“One of the biggest surprises I encountered during my visit to the collections (the University College London Pathology Collections which comprise over 6,000 specimens dating back to around 1850), was the revelation that the female reproductive anatomy can, and occasionally does, grow teeth.”
Sunday, March 30, 2014
According to a UK Guardian Report, e.g.
"Some parts of the world could soon be at a tipping point. For others, that tipping point has already arrived. "Both warm water coral reef and Arctic ecosystems are already experiencing irreversible regime shifts," the approved version of the report will say."
"The gravest of those risks was to people in low-lying coastal areas and on small islands, because of storm surges, coastal flooding and sea-level rise."
This is already being seen in islands like Barbados, where the increasing sea level is reclaiming ever more prime beach land. It's also at work in South Florida, steadily shrinking beach sand unless it's constantly replaced. But tourists sunning themselves on beaches is the least of our concerns. The biggest is catastrophic climate change leading to the runaway greenhouse effect.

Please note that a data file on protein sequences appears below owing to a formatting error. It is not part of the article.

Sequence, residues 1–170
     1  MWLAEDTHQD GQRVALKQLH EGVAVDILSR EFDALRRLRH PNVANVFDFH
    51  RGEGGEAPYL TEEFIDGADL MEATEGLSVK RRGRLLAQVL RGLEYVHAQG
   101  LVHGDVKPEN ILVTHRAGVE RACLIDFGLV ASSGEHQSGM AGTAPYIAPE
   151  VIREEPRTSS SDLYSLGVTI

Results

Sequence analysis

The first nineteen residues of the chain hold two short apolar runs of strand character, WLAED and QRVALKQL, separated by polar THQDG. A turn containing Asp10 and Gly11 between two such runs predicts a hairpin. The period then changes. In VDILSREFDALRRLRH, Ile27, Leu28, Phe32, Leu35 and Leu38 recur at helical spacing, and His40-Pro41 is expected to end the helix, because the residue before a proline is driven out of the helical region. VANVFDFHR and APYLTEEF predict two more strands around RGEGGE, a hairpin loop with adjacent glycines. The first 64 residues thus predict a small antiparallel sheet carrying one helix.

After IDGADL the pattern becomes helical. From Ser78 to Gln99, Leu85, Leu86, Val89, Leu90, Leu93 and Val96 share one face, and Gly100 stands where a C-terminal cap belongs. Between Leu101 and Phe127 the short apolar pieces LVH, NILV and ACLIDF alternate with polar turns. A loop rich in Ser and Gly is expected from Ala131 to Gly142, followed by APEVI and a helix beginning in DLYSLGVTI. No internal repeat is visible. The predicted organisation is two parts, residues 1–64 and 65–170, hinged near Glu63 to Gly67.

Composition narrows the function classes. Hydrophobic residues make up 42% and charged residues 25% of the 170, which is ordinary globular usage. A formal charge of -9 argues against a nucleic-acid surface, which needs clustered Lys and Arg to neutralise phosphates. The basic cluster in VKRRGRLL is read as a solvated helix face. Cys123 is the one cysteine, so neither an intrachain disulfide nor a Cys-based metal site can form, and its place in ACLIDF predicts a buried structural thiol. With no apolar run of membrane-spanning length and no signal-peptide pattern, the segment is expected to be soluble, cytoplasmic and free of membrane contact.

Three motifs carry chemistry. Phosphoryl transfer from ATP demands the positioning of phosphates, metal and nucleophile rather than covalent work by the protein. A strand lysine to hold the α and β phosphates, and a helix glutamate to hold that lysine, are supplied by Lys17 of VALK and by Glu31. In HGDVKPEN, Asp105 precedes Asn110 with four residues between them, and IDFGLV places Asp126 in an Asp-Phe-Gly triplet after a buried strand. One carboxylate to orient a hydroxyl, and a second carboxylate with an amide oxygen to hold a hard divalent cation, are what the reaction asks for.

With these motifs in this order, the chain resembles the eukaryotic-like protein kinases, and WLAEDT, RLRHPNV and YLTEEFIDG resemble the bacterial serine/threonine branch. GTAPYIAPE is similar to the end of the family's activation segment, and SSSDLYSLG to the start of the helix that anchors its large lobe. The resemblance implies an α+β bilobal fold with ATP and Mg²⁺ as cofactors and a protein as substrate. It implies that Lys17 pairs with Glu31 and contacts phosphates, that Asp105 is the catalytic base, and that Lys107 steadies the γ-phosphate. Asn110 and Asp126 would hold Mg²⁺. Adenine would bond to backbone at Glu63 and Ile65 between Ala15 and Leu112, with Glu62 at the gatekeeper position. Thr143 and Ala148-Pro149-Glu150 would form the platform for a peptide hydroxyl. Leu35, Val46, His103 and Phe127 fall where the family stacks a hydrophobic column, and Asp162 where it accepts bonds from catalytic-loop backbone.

NY Times' columnist Nicholas Kristoff, several weeks ago, noted a contest he'd held for the "Neglected Topic" winner among his columns. By a large margin it was climate change with one person comparing it to "staring down an asteroid". This is not exaggeration, other in terms of the time scale. If we fail to act decisively and dramatically our species will experience as much devastation as if a Torino scale 9 asteroid had hit. What are we doing about it? Nothing of substance! Even Kristoff admitted:
"We in the news media manage to cover weather very aggressively but we are reticent on climate."
He adds that the coverage of climate has actually declined in American media since 2007 - according to researchers at the University of Colorado. As this media attention factor has declined, so also have the proportion of Americans who accept global warming is real. Of course, the largest divergence is between Republicans (24% accept it) and Democrats (65%).